King v. State , 273 S.W.2d 72 ( 1954 )


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  • 273 S.W.2d 72 (1954)

    Flotie KING, Tommy King, Appellants,
    v.
    The STATE of Texas, Appellee.

    No. 27168.

    Court of Criminal Appeals of Texas.

    December 1, 1954.

    McDaniel & Hunt, Center, Charles Lieck, Jr., San Antonio, for appellants.

    Wesley Dice, State's Atty., Austin, for the State.

    BELCHER, Commissioner.

    Appellants were jointly tried and convicted for murder with malice. Appellant Flotie King was assessed a penalty of 10 years and appellant Tommy King was assessed a penalty of 12 years.

    In view of the disposition we make of this case, a summary of the facts will be omitted.

    Appellants sought a continuance on the ground that one of their attorneys was a member of the Legislature and then in attendance on a session of such Legislature.

    This application for a continuance is based upon Art. 2168a, Vernon's Ann.Civ.St., as amended in 1949, which provides:

    "In all suits, either civil or criminal, or in matters of probate, pending in any court of this State at any time within thirty (30) days of a date when the Legislature is to be in Session, or at any time the Legislature is in Session, it shall be mandatory that the court continue such cause if it shall appear to the court, by affidavit, that any party applying for such continuance, or any attorney for any party to such cause, is a Member of either branch of the Legislature, and will be or is in actual attendance on a Session of the same. Where a party to any cause is a Member of the Legislature, his affidavit need not be corroborated. On the filing of such affidavit, the court shall continue the cause until thirty (30) days after the adjournment of the Legislature and such affidavit shall be proof of the necessity for such continuance, and such continuance shall be deemed one of right and shall not be charged against the party receiving such continuance upon any subsequent application for continuance. It is hereby declared to be the intention of the Legislature that the provisions of this Section shall be deemed mandatory and not discretionary."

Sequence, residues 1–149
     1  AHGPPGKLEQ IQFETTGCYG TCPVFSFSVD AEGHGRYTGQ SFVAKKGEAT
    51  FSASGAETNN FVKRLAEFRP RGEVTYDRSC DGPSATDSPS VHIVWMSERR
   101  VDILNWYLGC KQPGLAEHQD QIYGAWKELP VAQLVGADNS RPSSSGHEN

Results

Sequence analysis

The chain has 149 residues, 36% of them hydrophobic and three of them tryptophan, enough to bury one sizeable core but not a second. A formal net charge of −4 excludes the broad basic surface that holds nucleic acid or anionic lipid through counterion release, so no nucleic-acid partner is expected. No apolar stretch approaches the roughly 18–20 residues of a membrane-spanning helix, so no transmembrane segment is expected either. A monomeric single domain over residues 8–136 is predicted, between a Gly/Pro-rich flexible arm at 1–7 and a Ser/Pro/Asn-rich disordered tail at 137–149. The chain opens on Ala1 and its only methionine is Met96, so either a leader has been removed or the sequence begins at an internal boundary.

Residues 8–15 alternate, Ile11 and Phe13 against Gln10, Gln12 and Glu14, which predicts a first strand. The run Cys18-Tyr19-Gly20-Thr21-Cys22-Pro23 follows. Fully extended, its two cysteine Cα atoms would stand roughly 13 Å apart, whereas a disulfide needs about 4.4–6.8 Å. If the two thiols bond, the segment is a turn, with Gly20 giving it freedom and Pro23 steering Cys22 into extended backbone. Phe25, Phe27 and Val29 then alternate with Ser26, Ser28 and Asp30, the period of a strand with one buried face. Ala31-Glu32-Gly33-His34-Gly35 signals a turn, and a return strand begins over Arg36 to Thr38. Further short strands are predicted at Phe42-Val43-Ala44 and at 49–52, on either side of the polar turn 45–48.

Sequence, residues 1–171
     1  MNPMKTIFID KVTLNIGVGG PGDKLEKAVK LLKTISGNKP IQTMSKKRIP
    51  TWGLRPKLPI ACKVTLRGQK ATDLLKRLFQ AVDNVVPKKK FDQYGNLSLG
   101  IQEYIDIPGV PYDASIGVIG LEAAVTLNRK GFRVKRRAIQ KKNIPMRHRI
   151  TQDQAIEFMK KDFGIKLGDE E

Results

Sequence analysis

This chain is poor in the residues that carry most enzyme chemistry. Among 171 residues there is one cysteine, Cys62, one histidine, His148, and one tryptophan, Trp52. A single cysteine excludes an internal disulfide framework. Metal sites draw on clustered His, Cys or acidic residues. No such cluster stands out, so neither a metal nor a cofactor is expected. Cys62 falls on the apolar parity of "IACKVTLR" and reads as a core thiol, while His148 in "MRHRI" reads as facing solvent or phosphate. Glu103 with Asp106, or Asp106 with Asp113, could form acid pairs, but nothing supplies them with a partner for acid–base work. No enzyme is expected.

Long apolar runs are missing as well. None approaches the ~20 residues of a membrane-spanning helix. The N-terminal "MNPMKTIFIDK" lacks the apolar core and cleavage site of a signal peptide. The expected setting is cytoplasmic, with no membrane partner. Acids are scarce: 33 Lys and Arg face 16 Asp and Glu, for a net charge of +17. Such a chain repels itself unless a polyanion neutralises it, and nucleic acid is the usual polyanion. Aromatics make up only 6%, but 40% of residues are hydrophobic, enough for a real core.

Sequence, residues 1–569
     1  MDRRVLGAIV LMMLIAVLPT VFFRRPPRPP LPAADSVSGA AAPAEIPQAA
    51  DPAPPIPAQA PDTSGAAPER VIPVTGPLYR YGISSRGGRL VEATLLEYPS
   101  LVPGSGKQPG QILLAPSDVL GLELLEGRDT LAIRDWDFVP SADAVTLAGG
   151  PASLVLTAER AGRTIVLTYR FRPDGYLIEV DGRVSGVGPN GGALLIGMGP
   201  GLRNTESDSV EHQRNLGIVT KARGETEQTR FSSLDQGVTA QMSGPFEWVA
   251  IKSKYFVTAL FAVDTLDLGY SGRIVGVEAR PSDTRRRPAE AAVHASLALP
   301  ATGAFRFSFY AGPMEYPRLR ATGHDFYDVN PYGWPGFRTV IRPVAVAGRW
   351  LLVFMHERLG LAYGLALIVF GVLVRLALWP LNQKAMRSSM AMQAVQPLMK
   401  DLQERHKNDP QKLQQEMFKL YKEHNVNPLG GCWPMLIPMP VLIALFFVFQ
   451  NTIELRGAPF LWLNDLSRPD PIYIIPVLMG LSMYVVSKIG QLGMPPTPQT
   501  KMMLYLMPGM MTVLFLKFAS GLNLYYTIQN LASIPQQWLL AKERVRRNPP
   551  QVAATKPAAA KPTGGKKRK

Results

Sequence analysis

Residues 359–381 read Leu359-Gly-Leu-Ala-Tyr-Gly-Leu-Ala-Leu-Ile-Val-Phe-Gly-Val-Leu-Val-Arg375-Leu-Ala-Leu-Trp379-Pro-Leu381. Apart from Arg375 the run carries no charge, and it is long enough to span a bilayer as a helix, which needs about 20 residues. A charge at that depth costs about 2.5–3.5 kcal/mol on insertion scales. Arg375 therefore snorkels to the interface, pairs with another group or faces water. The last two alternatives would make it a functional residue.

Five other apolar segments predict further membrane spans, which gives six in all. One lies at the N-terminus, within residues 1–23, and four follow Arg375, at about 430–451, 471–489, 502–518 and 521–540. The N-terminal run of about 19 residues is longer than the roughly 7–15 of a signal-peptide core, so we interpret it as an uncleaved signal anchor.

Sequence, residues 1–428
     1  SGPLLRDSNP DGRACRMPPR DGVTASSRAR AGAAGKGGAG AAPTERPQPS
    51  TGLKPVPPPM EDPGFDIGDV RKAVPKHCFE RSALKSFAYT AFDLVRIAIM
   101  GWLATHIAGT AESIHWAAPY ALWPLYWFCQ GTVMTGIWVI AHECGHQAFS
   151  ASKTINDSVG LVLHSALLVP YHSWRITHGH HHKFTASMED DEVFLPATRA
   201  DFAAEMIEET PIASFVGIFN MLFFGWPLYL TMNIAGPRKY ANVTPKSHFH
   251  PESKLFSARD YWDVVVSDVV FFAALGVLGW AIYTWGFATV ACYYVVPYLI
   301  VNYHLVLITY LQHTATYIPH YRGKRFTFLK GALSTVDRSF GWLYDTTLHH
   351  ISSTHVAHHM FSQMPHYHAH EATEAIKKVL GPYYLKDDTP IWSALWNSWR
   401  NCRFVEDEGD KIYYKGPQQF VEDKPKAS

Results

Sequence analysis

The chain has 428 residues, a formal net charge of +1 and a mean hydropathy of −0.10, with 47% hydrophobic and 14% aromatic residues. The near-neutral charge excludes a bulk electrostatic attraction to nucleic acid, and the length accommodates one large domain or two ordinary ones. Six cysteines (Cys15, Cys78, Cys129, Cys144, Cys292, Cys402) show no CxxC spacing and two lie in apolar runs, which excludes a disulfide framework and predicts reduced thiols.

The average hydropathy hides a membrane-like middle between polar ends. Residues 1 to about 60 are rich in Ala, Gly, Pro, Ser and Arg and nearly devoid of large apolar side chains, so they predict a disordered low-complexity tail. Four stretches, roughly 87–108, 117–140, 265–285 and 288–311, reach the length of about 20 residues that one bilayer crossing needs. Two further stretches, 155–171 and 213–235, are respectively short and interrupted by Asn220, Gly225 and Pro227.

*73 Said application set forth the necessary facts and was supported by the affidavit of appellants and their attorney, who was then in attendance on a session of the Legislature.

    The Supreme Court of this state, in 1947, had before it for construction and interpretation Art. 2168a, Vernon's Ann. Civ.St., as amended in 1941, which was the same as the present statute except that said statute provided for a continuance if within 10 days, instead of 30 days, before and after a session of the Legislature. In passing on an application for continuance upon the ground that the appellant's attorney was in attendance on the Legislature, which was then in session, the Supreme Court held that under the facts there presented the granting of the continuance was mandatory. Mora v. Ferguson, 145 Tex. 498, 199 S.W.2d 759.

    This court has said that where a statute is of a nature that might be construed in one court as well as in the other it appears that respect will be given to the decision of the court which given the first interpretation. Redman v. State, 67 Tex. Cr.R. 374, 149 S.W. 670; 11 Tex.Jur. 853, Sec. 104.

    The decisions of other jurisdictions construing a similar statute under similar facts hold that a continuance should be granted. State v. Myers, 352 Mo. 735, 179 S.W.2d 72; Bell v. State, 55 Okla. Crim. 439, 32 P.2d 747; Brooks v. Pan American Loan Co., Fla., 65 So. 2d 481; Bottoms v. Superior Court, 82 Cal. App. 764, 256 P. 422; Chicago Public Stock Exchange v. McClaughry, 148 Ill. 372, 36 N.E. 88; and 22 C.J.S., Criminal Law, § 484, page 747.

    The evidence heard by the trial court on the application for a continuance in this case fully supports his finding that the application was a clear abuse of the privilege by one entitled to claim it under said statute; however, we are constrained to hold that, under the terms of the statute and the application setting forth the necessary requirements, the trial court was not authorized to overrule the motion because of such finding, and the continuance should have been granted.

    The judgment of the trial court is reversed and the cause remanded.

    Opinion approved by the Court.